Capital Drywall Supply, Inc. and Old Fort Building Supply Co., Inc. v. Jai Jagdish, Inc. and Ranjan Amin
71A03-1004-PL-189
Civil plenary. Affirms grant of the cross-motion of summary judgment filed by Jai Jagdish Inc. and Ranjan Amin on Capital Drywall and Old Fort’s cross-claims to foreclose on mechanic’s liens. Any error in the trial court’s ruling that limited the admissibility of the affidavit of Pamela Hartman was harmless because the lien claimants didn’t comply or substantially comply with the mechanic’s lien statute. The lien claimants didn’t perfect their liens because they both used an incorrect owner’s name in their notices of intent to hold a lien; and the lien claimants didn’t substantially comply with the mechanic’s lien statute when they listed an incorrect owner’s name on their lien notices, even if such information was obtained by telephone from the public office designated by statute.

Gregory A. Jones v. State of Indiana (NFP)
71A03-1002-CR-212
Criminal. Affirms conviction of possession of cocaine as a Class D felony.

Phillip Lawton v. State of Indiana (NFP)
71A04-1004-CR-267
Criminal. Affirms conviction of Class B felony rape.

Michael O. Branch v. State of Indiana (NFP)
84A05-1004-CR-259
Criminal. Affirms conviction of and sentence for Class D felony theft.

Terry R. Twitty, Sr. v. State of Indiana (NFP)
32A01-1001-PC-19
Post conviction. Affirms post-conviction court didn’t err by denying claim of ineffective assistance of appellate counsel or by not appointing counsel for Twitty’s post-conviction relief proceedings and subsequent re-sentencing. The post-conviction court erred by granting Twitty relief and by re-sentencing him under Blakely. Remands with instructions to restore his original sentence.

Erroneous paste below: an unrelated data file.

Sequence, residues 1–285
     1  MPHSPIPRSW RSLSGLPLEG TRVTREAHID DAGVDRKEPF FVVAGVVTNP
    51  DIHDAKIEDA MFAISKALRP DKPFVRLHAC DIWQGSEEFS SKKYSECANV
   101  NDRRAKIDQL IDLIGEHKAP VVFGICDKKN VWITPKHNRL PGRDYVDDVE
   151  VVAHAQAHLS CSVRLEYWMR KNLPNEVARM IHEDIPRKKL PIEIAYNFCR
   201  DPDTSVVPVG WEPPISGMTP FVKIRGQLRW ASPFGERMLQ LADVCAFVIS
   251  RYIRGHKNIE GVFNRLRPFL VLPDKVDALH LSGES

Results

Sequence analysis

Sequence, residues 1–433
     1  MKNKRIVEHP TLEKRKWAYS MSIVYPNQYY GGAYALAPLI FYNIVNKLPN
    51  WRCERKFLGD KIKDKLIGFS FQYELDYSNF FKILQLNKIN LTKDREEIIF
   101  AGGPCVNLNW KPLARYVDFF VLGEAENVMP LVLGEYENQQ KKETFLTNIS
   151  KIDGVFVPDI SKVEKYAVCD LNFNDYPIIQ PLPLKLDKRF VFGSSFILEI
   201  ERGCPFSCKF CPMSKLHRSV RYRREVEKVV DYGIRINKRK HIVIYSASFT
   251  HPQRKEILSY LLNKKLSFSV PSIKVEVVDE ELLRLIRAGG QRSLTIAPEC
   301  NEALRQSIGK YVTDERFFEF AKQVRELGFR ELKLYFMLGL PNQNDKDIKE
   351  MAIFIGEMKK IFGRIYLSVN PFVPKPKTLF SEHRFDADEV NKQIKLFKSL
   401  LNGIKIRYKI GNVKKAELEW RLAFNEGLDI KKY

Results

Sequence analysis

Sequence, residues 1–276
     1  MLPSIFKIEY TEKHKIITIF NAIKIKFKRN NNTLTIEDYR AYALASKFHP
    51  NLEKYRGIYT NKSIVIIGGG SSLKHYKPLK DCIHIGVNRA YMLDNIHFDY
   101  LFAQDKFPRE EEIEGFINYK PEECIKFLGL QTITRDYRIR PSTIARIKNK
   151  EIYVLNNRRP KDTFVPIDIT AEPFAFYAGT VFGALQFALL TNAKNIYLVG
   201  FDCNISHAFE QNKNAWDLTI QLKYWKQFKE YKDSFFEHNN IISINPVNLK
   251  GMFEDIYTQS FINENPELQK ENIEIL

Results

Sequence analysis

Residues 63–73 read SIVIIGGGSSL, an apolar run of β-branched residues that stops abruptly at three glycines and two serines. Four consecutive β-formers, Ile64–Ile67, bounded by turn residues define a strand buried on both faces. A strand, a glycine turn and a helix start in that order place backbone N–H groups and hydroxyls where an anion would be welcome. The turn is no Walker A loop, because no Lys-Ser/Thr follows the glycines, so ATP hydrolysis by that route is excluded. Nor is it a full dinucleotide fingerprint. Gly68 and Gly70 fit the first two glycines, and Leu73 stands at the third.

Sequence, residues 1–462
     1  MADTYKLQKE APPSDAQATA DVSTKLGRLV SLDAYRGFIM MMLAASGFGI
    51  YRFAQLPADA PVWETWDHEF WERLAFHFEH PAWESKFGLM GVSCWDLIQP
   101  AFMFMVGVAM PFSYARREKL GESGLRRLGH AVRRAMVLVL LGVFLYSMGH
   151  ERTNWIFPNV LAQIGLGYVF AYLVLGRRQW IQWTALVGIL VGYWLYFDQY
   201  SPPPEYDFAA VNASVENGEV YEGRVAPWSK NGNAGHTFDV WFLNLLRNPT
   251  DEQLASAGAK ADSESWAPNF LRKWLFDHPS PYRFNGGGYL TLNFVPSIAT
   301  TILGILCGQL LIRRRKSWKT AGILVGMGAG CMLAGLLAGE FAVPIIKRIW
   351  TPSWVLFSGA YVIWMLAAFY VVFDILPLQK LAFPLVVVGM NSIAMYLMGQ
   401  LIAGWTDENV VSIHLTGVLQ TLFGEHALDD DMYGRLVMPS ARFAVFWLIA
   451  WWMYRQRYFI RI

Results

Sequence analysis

Rudolph V. Williams v. State of Indiana (NFP)
71A05-1004-CR-147
Criminal. Affirms conviction of Class C felony robbery.

Lafayette Caldwell v. State of Indiana (NFP)
45A03-1003-PC-156
Post conviction. Affirms denial of successive petition for post-conviction relief.

David Reynolds v. State of Indiana (NFP)
06A01-0802-PC-67
Post conviction. Affirms denial of petition for post-conviction relief.

Indiana Tax Court had posted no opinions at IL deadline.

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  1. It appears the police and prosecutors are allowed to change the rules halfway through the game to suit themselves. I am surprised that the congress has not yet eliminated the right to a trial in cases involving any type of forensic evidence. That would suit their foolish law and order police state views. I say we eliminate the statute of limitations for crimes committed by members of congress and other government employees. Of course they would never do that. They are all corrupt cowards!!!